Bronchiectasis is a chronic lung disease characterized by abnormal thickening of the airways and excessive accumulation of mucus in the respiratory tract.
What is Bronchiectasis?
Bronchiectasis is a disorder of the airways, also called bronchi, which carry air in and out of the lungs. The airways contain glands that produce mucus to prevent the airways from being dry and help trap dusts or germs that are present in the inhaled air.
Bronchiectasis, cross-section through bronchus. Light photomicrograph showing dilatated and distorted bronchus containing pus - Image Credit: Kateryna Kon / Shutterstock
In healthy persons, mucus is removed from the airways by small hairy structures called cilia that are present in the airway linings. In bronchiectasis, thickening of the airway wall from chronic infection and inflammation causes airways to lose their ability to remove mucus. Thus, an excessive accumulation of mucus occurs and predisposes the person to infection. Bacterial infections further increase airway inflammation and further airway thickening.
What Causes Bronchiectasis?
Many factors are related to bronchiectasis.
- Genetic diseases – inherited health conditions such as cystic fibrosis (malfunctioning of glands that are responsible for secreting saliva, sweat, sebaceous, mucus, etc.) and primary ciliary dyskinesia (structural or functional abnormalities of the lungs) can lead to progressive bronchiectasis and early death.
- Immunodeficiency – humoral immunodeficiency or reduced ability of blood components (antibodies, complement proteins, etc.) to fight infections, such as those caused by bacteria.
- Lung infections – past history of severe lung infections, such as pneumonia, whooping cough, and tuberculosis.
- Inflammatory bowel disease – Crohn’s disease or ulcerative colitis.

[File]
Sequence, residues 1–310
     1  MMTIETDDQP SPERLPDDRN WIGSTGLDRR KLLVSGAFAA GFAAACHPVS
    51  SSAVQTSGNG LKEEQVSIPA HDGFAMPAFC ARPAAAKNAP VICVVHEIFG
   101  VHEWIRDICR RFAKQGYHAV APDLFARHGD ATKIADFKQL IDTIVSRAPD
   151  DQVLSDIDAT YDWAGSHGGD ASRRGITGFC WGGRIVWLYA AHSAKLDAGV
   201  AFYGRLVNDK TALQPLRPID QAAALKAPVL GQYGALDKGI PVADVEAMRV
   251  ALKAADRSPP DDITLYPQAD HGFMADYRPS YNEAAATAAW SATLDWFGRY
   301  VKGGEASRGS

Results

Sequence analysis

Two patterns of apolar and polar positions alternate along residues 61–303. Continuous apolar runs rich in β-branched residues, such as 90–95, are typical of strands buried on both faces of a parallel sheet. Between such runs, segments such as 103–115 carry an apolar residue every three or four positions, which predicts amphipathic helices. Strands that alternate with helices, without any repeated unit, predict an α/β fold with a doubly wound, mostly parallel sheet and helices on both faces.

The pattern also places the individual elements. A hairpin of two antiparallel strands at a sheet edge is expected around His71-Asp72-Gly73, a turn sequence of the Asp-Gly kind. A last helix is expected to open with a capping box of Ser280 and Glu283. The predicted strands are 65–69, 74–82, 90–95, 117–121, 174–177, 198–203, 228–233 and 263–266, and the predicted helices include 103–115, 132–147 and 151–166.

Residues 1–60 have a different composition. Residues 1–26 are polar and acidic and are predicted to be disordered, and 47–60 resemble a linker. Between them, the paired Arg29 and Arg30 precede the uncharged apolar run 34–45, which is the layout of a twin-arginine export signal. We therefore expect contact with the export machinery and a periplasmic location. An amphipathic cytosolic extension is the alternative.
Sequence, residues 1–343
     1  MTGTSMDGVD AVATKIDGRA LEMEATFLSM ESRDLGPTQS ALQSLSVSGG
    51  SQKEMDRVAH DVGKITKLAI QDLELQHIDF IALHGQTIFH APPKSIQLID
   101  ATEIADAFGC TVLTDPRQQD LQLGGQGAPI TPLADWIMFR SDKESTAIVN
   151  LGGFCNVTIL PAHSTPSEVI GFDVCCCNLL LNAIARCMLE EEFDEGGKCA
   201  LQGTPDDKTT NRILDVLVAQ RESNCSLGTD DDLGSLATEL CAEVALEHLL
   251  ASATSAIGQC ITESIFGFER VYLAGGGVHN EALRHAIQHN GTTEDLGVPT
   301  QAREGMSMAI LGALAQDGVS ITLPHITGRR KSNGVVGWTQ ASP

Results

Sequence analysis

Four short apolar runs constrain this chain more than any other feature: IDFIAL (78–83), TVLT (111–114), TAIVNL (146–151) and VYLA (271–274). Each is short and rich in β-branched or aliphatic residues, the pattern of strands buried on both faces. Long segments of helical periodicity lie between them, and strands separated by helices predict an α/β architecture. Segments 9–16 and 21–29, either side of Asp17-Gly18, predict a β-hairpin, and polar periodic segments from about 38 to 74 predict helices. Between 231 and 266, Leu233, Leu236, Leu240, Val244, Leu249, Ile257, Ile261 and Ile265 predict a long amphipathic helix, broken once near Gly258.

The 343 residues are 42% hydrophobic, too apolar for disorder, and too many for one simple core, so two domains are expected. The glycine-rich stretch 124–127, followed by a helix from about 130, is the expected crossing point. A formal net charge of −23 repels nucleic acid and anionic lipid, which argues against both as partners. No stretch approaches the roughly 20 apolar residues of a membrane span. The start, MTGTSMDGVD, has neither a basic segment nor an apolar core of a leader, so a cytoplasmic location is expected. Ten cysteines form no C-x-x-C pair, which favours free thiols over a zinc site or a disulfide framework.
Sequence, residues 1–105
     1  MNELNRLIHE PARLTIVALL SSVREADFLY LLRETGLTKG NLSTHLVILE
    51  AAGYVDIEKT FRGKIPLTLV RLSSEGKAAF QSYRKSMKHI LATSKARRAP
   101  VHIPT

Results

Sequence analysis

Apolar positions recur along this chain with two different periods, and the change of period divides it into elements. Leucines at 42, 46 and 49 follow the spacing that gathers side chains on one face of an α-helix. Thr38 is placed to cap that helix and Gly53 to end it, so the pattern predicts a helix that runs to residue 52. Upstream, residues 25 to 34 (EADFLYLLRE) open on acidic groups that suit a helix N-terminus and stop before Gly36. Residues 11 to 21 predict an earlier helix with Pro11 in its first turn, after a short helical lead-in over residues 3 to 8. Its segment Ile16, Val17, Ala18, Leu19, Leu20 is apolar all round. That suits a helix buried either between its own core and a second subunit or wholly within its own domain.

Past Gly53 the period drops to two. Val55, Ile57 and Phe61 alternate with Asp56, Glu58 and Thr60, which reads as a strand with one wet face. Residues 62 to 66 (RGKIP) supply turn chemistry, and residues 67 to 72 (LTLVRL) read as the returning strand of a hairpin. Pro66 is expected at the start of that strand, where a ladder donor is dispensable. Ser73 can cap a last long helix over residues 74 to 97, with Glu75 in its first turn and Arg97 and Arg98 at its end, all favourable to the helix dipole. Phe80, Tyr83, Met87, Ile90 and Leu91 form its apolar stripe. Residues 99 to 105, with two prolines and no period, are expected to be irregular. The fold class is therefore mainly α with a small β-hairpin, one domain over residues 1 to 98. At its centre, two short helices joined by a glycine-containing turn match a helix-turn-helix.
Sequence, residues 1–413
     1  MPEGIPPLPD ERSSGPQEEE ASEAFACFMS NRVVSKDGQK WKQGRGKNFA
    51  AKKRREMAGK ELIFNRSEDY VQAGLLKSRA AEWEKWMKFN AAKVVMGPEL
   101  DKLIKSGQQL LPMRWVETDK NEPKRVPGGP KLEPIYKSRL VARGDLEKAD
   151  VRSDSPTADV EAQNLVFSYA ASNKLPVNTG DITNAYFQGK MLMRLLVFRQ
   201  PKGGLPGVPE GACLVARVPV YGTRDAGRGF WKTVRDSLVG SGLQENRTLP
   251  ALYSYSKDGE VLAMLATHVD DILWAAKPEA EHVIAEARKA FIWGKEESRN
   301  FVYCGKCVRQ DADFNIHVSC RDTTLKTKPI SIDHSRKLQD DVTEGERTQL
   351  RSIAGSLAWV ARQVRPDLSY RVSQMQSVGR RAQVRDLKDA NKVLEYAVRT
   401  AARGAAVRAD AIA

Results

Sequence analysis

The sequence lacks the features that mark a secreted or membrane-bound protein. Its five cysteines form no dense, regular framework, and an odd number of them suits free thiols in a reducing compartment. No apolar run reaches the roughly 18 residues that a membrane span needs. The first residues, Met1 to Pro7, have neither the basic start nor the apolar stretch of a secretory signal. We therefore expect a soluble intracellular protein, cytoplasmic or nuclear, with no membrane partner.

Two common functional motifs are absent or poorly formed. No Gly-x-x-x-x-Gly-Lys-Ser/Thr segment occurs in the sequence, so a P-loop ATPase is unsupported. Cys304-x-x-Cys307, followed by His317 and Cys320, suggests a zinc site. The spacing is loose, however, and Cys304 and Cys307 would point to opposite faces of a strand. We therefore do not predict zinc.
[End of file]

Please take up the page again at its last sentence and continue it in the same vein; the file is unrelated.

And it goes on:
- Rheumatic diseases – inflammatory diseases that affect the joints, ligaments, tendons, bones, and muscles, such as rheumatoid arthritis and Sjögren’s disease.
- Allergy – severe lung allergy caused by fungus, such as allergic bronchopulmonary aspergillosis.
- Airway blockage – due to aspiration of food particles into the airways.
- Other conditions – having chronic obstructive pulmonary disease (COPD) or asthma for a long time increases the risk of developing bronchiectasis.
What are the Symptoms of Bronchiectasis?
The most common symptom of bronchiectasis is coughing up sputum (thick mucus). This is often accompanied by extreme fatigue, lack of concentration, difficulty breathing, sinus problems, fevers and infections, coughing up blood-tinged mucus, chest pain, joint pain, anxiety, and depression.
How is Bronchiectasis Diagnosed?
Bronchiectasis is suspected in patients who cough up a large amount of sputum every day. Diagnostic tests that are performed to confirm bronchiectasis.
- Chest X ray – to visualize the lungs and airways
- Chest CT scan – to obtain detailed information about the location and intensity of lung damage
- Lung function tests – to check respiratory rate, amount of inhaled and exhaled air, etc.
- Blood tests – to check for diseases that may be related to bronchiectasis and measure levels of infection-fighting blood components
- Sputum culture – to check for the presence of infectious agents, such as bacteria or fungi
- Bronchoscopy – a flexible tube with a light source and a camera is inserted into the airways and images are taken to inspect the airways. This procedure is helpful in detecting blockages and sources of bleeding.
How is Bronchiectasis Treated?
The most commonly used treatments for bronchiectasis are antibiotics, hydration, and chest physiotherapy. Without proper treatment, bronchiectasis can lead to serious health complications, including respiratory failure, atelectasis, and heart failure.
- Antibiotics – oral or intravenous administration of antibiotics is the main treatment for reducing chronic and frequent lung infections. Antibiotics that reduce inflammation, such as macrolides, may be particularly helpful.
- Mucus thinning medicines – these medicines are administered through nebulizers and are used to dissolve airway mucus so that it can be coughed up easily.
- Hydration – drinking plenty of water is helpful for preventing mucus thickening.
- Chest physiotherapy – chest clapping or percussion is performed manually or using a device (such as mechanical percussor, inflatable therapy vest, or handheld vibrator) to loosen mucus so that it can be coughed up more easily. Additionally, a forced expiration technique and active cycle breathing can be used by patients to move mucus from the lower airways to the upper airways.
- Bronchodilators– used to relax airway muscles
- Oxygen therapy –to increase oxygen levels in the blood
- Surgery – This is a treatment of last resort to remove an isolated section of affected airway or to intervene when the patient has heavy bleeding related to bronchiectasis.